Season 2019 has ended with the finale somewhat dark and wet. The much-heralded title-deciding confrontation with champions elect Essex was ruined by September’s showers, but there is much to ponder as the planning for 2020 is already well underway. So was 2019 a hit or miss for Somerset? Let’s discuss.
Cricket can be a game of silly superstitions, particularly in club cricket. There’s the scorer who refuses to add up a batsman’s score in the notion it will lead to that person’s instant dismissal. The person who refuses to put the ‘Nelson’ scores on the scoreboard (111, 222, etc.) as this ultimately signals the end of the world. The batsman who insists they strap their left pad on before their right, the clubman who must sit in the same seat at tea, the bowler who can only bowl at one end. I won’t go on. Silly superstitions.
And such strange traditions are true for the modern cricket follower on social media. For my 2019 preseason preview I confidently predicted that Somerset would win a trophy in the season ahead. There should no grey areas in our ambitions for the season ahead, I said, and it mattered little to me whether success be in the 20-over, 50-over or four-day formats; the mission for this talented group of primarily younger players was to graduate from so-called bridesmaids to winners. And it was most definitely time for Somerset’s long-suffering supporters to witness a Somerset captain hoisting aloft some silverware to the chorus of Blackbird.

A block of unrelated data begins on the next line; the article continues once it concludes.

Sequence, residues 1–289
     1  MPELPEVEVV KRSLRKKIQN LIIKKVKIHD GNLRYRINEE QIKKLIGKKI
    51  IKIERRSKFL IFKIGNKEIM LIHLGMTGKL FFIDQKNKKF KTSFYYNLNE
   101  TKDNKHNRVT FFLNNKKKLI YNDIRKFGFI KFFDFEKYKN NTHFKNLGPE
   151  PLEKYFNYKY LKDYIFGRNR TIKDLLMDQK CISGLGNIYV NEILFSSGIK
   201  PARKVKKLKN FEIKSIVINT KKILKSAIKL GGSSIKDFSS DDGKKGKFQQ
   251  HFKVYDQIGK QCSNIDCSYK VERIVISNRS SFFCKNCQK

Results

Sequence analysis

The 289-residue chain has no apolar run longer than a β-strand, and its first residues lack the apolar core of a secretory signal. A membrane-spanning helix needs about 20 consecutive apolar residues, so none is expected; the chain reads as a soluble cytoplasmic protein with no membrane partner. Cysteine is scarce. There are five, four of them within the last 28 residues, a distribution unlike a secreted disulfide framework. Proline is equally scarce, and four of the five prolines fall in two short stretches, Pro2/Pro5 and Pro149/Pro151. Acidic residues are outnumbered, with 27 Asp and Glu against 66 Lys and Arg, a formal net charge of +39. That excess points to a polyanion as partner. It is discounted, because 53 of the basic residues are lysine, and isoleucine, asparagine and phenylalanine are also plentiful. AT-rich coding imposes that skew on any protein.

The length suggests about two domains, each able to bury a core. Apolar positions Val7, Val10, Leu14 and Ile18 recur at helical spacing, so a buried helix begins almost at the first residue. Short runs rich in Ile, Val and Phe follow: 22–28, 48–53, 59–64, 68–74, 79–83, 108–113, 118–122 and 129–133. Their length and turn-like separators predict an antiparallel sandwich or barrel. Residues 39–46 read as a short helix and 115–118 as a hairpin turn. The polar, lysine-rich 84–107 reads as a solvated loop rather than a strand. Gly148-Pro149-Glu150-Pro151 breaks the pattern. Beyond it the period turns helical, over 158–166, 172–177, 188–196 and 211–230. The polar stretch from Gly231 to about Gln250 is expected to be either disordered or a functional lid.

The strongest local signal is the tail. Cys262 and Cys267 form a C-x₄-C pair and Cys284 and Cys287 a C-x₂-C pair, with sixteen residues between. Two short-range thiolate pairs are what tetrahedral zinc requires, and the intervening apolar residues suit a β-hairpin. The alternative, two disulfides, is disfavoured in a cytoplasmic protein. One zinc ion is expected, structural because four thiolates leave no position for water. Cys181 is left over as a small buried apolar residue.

My confidence drew howls of protest from the Twitterati. “Season ruined,” one said. “That’s put the kibosh on our chances,” said another. But my confidence was justified and on May 25, on a glorious day at Lords, Tom Abell held aloft the Royal London One Day Cup in front of his delighted team and our thrilled supporters. And by doing so he and his team-mates joined an elite group of Somerset cricketers to win a trophy for the cider county, and an even more elite group to taste success at the Home of Cricket.
It was a fantastic feeling. Forty years after I had stood on the Lords pitch as a 14 year-old and watched Brian Rose raise the Gillette Cup – Somerset’s first ever trophy success – I was there again to see my team taste success once more. And it felt as good this time as it did then. For the first time since 2005, Somerset had won a major trophy. Jamie Overton bowled well enough to be named the man of the match but it wouldn’t have been out of place if Tom Banton or Josh Davey had collected the honour instead. And it mattered little, they were all winners.
The mission had been accomplished. Not that that would herald some kind of end of the season for this team. Somerset had already made a positive start in their County Championship campaign and had acquired the services of Babar Azam for the Vitality Blast – the man widely acknowledged as the best 20-over batsman in the world. There were two more trophies to win. And our boys were determined to win them.